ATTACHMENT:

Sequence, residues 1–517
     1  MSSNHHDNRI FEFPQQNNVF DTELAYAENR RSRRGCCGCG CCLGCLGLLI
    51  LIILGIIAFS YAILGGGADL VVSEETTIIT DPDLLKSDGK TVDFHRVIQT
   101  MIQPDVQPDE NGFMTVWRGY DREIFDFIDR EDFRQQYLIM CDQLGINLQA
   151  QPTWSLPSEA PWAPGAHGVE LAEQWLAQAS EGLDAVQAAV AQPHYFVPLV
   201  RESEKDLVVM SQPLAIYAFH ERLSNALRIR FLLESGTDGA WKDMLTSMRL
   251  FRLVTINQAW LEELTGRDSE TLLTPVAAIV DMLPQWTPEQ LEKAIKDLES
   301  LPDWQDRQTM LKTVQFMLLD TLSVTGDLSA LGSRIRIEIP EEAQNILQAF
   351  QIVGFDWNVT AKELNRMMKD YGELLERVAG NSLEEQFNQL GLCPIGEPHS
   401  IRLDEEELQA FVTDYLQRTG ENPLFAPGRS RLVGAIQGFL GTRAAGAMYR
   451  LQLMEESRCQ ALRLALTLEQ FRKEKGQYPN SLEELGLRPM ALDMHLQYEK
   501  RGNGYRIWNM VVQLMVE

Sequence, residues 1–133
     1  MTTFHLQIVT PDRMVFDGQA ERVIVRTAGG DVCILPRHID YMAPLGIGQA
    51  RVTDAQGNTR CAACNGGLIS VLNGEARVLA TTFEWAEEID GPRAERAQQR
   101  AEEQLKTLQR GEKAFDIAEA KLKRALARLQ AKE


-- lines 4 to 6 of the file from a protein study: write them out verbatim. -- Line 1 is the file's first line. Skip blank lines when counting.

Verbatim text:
   101  MIQPDVQPDE NGFMTVWRGY DREIFDFIDR EDFRQQYLIM CDQLGINLQA
   151  QPTWSLPSEA PWAPGAHGVE LAEQWLAQAS EGLDAVQAAV AQPHYFVPLV
   201  RESEKDLVVM SQPLAIYAFH ERLSNALRIR FLLESGTDGA WKDMLTSMRL